get_baseline(feature_cols,’Donut volume’)

Output: The baseline guess for Donut volume is a score of 83.40

Baseline Performance on the test set for Donut volume: RMSE = 10.5856

Â

Fitting on entire features

# define a function that accepts a list of features and returns testing RMSE

def train_test_rmse(train_df,test_df,feature_cols,target):

X = train_df[feature_cols]

y = train_df[target]

X_train, X_test, y_train, y_test = train_df[feature_cols] , test_df[feature_cols] , train_df[target] , test_df[target]

linreg = LinearRegression()

linreg.fit(X_train, y_train)

y_pred = linreg.predict(X_test)

plot_line(y_test,y_pred,target)

return linreg,np.sqrt(metrics.mean_squared_error(y_test, y_pred))

# compare different sets of features

# ‘Donut Density’, ‘Donut volume’

# Donut Density

linreg,rmse_ = train_test_rmse(train_df,test_df,feature_cols,’Donut Density’)

print (rmse_)

#print(linreg.score(X_test, y_test))

# pair the feature names with the coefficients

list(zip(feature_cols, linreg.coef_))

Output: 4.205028275576086

[(‘Donut Estimator 1’, 0.019969286018910806),

(‘Donut Area of cross section’, 0.056824378116820666),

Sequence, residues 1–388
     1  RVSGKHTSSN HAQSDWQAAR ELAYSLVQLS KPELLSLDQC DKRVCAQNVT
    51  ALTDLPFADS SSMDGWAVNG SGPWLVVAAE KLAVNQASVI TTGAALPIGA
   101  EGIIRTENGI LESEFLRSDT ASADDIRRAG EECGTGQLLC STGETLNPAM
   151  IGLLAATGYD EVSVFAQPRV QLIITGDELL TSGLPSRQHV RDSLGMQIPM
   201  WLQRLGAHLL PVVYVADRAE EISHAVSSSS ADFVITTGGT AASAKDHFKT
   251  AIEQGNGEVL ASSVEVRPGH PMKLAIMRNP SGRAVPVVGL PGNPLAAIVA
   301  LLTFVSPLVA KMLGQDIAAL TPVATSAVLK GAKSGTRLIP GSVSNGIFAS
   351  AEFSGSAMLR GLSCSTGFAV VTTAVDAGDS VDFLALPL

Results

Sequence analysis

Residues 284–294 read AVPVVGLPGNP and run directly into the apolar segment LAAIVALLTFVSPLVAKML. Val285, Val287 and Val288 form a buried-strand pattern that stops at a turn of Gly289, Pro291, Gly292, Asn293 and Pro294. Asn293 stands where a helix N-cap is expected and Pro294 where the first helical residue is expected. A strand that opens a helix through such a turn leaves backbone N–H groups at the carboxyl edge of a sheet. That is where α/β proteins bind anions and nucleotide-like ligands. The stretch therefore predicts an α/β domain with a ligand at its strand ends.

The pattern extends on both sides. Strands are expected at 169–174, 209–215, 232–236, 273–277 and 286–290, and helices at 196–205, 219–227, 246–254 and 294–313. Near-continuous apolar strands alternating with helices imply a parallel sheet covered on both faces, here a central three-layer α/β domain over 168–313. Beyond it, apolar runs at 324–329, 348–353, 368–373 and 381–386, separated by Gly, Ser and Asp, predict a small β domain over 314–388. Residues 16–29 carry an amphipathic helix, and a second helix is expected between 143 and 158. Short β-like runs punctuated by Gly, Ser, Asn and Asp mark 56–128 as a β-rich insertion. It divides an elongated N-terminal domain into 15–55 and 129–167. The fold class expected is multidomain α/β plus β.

(‘Donut Area of circumference circle’, -0.011141124820625037),

(‘Donut area of central hole / Donut Area of circumscribed circle’,

18.37532899880506),

(‘DonutÂ  Estimator 2’, -0.013662198041061776),

(‘DonutÂ  Estimator 3’, 0.03211097048326648),

(‘DonutÂ  Estimator 4’, 0.0005844272728200844),

(‘DonutÂ  Estimator 5’, 0.001613921718232509),

(‘Donut volume Estimator 6’, -0.05474623086568598),

(‘Location_Texas’, -2.3923430721543717)]

# Donut volume’

linreg,rmse_ = train_test_rmse(train_df,test_df,feature_cols,’Donut volume’)

print (rmse_)

# pair the feature names with the coefficients

list(zip(feature_cols, linreg.coef_))

Output: 9.625589368125372

[(‘Donut Estimator 1’, 0.015167756318128774),

(‘Donut Area of cross section’, 0.12148190231269254),

(‘Donut Area of circumference circle’, -0.06206356694138626),